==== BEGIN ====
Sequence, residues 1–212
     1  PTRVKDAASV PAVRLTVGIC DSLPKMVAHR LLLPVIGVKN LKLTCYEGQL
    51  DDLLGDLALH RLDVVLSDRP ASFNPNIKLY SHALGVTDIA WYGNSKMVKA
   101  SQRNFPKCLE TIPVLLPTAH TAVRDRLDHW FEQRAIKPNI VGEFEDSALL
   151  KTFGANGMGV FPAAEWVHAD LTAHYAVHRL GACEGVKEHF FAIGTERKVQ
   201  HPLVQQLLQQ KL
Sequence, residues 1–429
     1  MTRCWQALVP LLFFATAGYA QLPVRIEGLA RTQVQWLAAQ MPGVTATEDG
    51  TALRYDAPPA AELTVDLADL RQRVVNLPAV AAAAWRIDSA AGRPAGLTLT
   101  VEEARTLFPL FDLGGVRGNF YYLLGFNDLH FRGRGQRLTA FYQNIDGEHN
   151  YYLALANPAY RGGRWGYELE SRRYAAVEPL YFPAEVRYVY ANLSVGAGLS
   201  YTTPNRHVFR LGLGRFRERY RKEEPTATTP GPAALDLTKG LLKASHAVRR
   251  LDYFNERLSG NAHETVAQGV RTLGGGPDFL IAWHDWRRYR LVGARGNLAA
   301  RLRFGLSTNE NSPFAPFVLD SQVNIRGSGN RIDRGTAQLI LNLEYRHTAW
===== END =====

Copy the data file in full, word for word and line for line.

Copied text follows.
Sequence, residues 1–212
     1  PTRVKDAASV PAVRLTVGIC DSLPKMVAHR LLLPVIGVKN LKLTCYEGQL
    51  DDLLGDLALH RLDVVLSDRP ASFNPNIKLY SHALGVTDIA WYGNSKMVKA
   101  SQRNFPKCLE TIPVLLPTAH TAVRDRLDHW FEQRAIKPNI VGEFEDSALL
   151  KTFGANGMGV FPAAEWVHAD LTAHYAVHRL GACEGVKEHF FAIGTERKVQ
   201  HPLVQQLLQQ KL
Sequence, residues 1–429
     1  MTRCWQALVP LLFFATAGYA QLPVRIEGLA RTQVQWLAAQ MPGVTATEDG
    51  TALRYDAPPA AELTVDLADL RQRVVNLPAV AAAAWRIDSA AGRPAGLTLT
   101  VEEARTLFPL FDLGGVRGNF YYLLGFNDLH FRGRGQRLTA FYQNIDGEHN
   151  YYLALANPAY RGGRWGYELE SRRYAAVEPL YFPAEVRYVY ANLSVGAGLS
   201  YTTPNRHVFR LGLGRFRERY RKEEPTATTP GPAALDLTKG LLKASHAVRR
   251  LDYFNERLSG NAHETVAQGV RTLGGGPDFL IAWHDWRRYR LVGARGNLAA
   301  RLRFGLSTNE NSPFAPFVLD SQVNIRGSGN RIDRGTAQLI LNLEYRHTAW